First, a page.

My next stop was in the stunning state of Goa. The beaches here are famous and the coastline runs right along the glistening Arabian Sea. This was a fascinating place to explore, as the small coastal towns were dotted with Portuguese churches and sacred cows relaxing on the beach. 

There are many beautiful spots to visit in Goa and a wide variety of accommodation options to suit different budgets. I ended up staying in a nice hostel and rented a Vespa to get around and explore. I also met some wonderful people here who I continued to travel with throughout the remainder of my trip.

Relaxing in Kerala

After Goa, I headed to Kerala on a train with some of the friends I met in the hostel. The best part about catching a train in India is the sweet and steamy chai you can purchase in the morning from the chai vendor. There’s nothing more heartwarming and invigorating that you can have first thing in the morning.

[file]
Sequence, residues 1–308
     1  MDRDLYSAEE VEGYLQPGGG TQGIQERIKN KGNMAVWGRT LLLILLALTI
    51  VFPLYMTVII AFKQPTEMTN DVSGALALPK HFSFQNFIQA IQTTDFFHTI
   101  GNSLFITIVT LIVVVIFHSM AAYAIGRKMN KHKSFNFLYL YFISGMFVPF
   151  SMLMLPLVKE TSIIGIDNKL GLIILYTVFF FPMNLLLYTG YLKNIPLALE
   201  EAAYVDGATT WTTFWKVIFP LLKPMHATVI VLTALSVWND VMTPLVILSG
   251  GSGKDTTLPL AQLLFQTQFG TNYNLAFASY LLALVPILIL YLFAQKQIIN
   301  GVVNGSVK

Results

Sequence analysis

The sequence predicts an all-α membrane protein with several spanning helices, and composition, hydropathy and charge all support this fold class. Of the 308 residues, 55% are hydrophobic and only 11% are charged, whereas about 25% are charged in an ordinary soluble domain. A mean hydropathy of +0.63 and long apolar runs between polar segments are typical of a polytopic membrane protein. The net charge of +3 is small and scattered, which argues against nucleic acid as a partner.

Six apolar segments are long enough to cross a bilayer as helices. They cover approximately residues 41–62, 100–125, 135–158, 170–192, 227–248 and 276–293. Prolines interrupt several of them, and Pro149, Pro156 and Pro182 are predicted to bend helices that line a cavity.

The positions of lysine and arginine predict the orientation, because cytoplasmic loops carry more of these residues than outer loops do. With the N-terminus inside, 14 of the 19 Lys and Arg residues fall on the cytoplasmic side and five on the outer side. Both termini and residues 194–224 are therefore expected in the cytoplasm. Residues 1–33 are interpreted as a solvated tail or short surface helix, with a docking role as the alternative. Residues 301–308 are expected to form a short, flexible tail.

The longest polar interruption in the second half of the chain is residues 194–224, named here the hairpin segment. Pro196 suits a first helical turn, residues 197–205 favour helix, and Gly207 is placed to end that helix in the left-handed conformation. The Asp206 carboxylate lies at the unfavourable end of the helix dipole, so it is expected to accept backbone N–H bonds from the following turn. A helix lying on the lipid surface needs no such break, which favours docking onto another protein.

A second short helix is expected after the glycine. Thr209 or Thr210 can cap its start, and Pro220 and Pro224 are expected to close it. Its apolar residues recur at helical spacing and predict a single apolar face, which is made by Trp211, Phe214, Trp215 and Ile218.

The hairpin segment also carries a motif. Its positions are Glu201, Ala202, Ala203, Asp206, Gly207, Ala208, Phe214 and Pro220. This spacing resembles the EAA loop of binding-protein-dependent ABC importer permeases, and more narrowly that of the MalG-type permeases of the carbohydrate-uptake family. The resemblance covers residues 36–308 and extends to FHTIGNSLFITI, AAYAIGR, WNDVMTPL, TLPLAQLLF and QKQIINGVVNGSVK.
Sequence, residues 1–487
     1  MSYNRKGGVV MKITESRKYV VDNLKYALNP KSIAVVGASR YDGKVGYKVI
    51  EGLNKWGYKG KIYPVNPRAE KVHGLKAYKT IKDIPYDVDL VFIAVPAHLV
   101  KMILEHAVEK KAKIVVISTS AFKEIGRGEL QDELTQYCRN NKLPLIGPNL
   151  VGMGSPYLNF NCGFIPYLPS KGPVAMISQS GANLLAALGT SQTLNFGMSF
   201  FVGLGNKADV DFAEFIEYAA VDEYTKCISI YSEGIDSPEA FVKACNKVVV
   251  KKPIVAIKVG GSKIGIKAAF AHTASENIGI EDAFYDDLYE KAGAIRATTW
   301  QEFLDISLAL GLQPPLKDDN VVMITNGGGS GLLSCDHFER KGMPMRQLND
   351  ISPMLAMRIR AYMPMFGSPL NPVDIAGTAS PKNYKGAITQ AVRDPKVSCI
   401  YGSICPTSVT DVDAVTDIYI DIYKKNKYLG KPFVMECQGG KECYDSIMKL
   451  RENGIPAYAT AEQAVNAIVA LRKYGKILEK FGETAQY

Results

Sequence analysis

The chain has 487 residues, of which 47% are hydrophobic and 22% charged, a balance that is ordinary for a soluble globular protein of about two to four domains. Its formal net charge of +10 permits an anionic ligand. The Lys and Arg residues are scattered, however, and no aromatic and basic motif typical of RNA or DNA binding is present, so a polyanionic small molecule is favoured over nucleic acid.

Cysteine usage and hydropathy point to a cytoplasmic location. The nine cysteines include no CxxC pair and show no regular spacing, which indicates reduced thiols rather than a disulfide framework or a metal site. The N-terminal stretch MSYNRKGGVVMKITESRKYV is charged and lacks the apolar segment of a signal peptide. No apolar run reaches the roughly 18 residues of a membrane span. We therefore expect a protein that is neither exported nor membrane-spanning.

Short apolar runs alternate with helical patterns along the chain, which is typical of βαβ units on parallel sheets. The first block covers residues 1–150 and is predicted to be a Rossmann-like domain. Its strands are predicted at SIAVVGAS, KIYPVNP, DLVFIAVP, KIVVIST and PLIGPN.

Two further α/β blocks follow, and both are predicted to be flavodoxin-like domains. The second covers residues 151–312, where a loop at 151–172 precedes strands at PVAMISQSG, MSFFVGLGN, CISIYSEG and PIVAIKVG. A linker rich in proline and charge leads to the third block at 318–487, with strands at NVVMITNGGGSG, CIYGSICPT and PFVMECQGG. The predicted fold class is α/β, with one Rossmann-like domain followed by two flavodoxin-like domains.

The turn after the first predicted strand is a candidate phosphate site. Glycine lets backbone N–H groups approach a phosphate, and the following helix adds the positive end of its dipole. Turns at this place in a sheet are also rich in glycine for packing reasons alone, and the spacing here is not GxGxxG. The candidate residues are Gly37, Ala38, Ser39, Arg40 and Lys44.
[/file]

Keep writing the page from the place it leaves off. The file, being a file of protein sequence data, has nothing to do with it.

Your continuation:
This new state couldn’t be more different than the last two. The forests were lush and thriving and the winding canals seemed like they were taken straight from a postcard. In Kerala, I met two Swedish travelers and we stayed overnight on a houseboat, traveling down the canals and rivers. It was the perfect way to soak in the picturesque rice fields and get a break from the hustle and bustle of the cities. 

I also got the chance to head to Fort Kochi and check out the Kochi-Musiris Biennale festival, which I would highly recommend to anyone who loves art! The ticket is inexpensive and there is an overwhelming number of galleries and exhibitions from artists from all over the world. If you’re lucky, you might even stumble across a religious street festival that will feature decorated elephants walking through the street.